Dehydration During Summer: Risks and Prevention for Older Adults

As we just experienced the summer solstice last week and the hot July 4th holiday is around the corner, it is crucial to pay attention to the hydration needs of our bodies, especially for older individuals. Dehydration during summer,  poses a significant risk to the health and well-being of seniors.  Prevention for older adults is critical.

Understanding Dehydration:

Dehydration occurs when the body loses more fluids than it takes in, leading to an imbalance in the body’s water and electrolyte levels. For older adults, the risk of dehydration is heightened due to various factors, including age-related changes in the body, chronic health conditions, medication side effects, and decreased thirst sensation.

Risk Factors for Dehydration in Older People:

  1. Age-related physiological changes: Older adults have a reduced capacity to retain water and may produce less saliva and feel less thirsty, leading to decreased fluid intake.
  2. Chronic health conditions: Older individuals often have chronic health conditions such as diabetes, kidney disease, and cardiovascular problems that can increase the risk of dehydration.
  3. Medications: Many medications commonly prescribed to older adults, such as diuretics, blood pressure medications, and laxatives, can contribute to fluid loss.
  4. Heat sensitivity: Older adults may be more sensitive to heat due to a decreased ability to regulate body temperature. Exposure to high temperatures, especially during heatwaves, can cause excessive sweating and fluid loss.

Consequences of Dehydration:

Dehydration can have severe consequences for older individuals, including:

  1. Impaired cognitive function: Dehydration can affect cognitive abilities, leading to confusion, dizziness, and difficulties with concentration and memory.
  2. Increased risk of falls: Dehydration can contribute to muscle weakness and fatigue, increasing the risk of falls and related injuries.
  3. Worsening of chronic conditions: For those with existing chronic health conditions, dehydration can exacerbate symptoms and lead to complications.
  4. Kidney problems: Chronic dehydration may put a strain on the kidneys and increase the risk of urinary tract infections, kidney stones, and other kidney-related issues.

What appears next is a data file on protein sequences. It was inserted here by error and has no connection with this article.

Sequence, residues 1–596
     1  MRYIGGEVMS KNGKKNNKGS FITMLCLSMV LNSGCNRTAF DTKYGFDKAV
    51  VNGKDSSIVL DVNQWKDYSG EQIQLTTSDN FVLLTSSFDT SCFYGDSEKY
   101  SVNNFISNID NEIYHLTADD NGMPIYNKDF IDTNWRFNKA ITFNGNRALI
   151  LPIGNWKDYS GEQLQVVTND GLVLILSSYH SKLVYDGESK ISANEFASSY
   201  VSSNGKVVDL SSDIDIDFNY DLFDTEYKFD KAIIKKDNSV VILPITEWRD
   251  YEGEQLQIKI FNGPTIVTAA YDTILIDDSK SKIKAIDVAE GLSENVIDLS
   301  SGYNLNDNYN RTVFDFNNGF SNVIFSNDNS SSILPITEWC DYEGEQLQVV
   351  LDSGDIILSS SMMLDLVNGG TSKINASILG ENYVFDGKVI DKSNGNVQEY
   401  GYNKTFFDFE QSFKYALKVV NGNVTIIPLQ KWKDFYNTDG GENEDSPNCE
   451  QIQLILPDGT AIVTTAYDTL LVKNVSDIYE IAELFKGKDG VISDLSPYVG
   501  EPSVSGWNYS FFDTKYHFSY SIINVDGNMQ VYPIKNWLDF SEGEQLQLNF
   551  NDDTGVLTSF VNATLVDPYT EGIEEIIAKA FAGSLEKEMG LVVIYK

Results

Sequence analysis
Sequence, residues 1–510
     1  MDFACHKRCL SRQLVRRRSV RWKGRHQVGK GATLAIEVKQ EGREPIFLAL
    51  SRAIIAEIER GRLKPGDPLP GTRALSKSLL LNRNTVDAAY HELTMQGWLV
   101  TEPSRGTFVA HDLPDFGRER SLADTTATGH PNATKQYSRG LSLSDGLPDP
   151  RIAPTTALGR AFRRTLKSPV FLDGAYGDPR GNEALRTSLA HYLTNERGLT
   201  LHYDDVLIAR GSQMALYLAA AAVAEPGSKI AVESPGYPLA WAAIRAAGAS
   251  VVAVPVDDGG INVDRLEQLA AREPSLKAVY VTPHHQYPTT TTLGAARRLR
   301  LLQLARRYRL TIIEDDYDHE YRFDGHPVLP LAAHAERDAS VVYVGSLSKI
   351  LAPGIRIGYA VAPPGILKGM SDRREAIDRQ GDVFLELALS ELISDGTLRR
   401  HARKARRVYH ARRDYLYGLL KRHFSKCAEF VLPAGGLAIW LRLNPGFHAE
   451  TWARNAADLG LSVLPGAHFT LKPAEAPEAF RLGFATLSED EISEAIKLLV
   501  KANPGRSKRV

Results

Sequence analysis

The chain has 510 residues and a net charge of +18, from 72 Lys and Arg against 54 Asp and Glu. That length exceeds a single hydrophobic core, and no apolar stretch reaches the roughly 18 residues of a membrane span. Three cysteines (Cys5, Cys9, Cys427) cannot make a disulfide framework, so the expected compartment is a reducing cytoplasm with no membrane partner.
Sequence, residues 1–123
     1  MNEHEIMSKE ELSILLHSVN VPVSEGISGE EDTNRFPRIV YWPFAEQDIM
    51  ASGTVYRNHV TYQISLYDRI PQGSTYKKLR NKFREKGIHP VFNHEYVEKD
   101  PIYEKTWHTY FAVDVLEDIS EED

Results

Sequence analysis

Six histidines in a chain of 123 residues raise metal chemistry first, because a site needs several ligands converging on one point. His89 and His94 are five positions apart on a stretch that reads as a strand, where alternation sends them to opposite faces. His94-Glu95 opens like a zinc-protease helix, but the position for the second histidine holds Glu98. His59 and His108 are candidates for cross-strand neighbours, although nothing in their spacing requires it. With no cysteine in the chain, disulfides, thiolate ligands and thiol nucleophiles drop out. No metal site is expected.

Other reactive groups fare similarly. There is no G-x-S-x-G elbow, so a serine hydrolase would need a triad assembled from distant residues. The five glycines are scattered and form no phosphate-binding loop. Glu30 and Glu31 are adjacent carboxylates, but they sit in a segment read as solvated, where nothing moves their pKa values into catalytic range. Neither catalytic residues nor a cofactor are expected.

Prevention and Tips for Staying Hydrated:

  1. Drink plenty of fluids: Encourage older adults to drink fluids regularly, even if they don’t feel thirsty. Water is the best choice, but other hydrating options like herbal tea, fruit-infused water, and diluted fruit juices can be enjoyable alternatives. An idea is to provide a water bottle with time markers to help guide one to drink regularly.
  2. Set reminders: Older adults can benefit from setting reminders to drink fluids throughout the day, especially if they have difficulty remembering to drink on their own. Alexa, Siri, or another automated reminder can be set.
  3. Include hydrating foods: Incorporate foods with high water content, such as watermelon, cucumber, berries, and soups, into meals.
  4. Avoid or limit dehydrating substances: Encourage older adults to limit their intake of alcohol, caffeine, and sugary drinks.
  5. Dress appropriately: Loose-fitting, lightweight clothing in breathable fabrics can help regulate body temperature and reduce the risk of overheating.
  6. Seek shade and cool environments: During hot days, advise older adults to stay in shaded areas and well-ventilated spaces with air conditioning or fans to prevent overheating.

Hurley Elder Care Law’s on-staff care coordinators teach our clients and their families some simple ways to help stay healthy. We have seen many situations where older people end up in the ER due to dehydration, so it should not be taken lightly. Please call our office at 404-843-0121 for a complimentary consultation about your loved one’s elder law needs.

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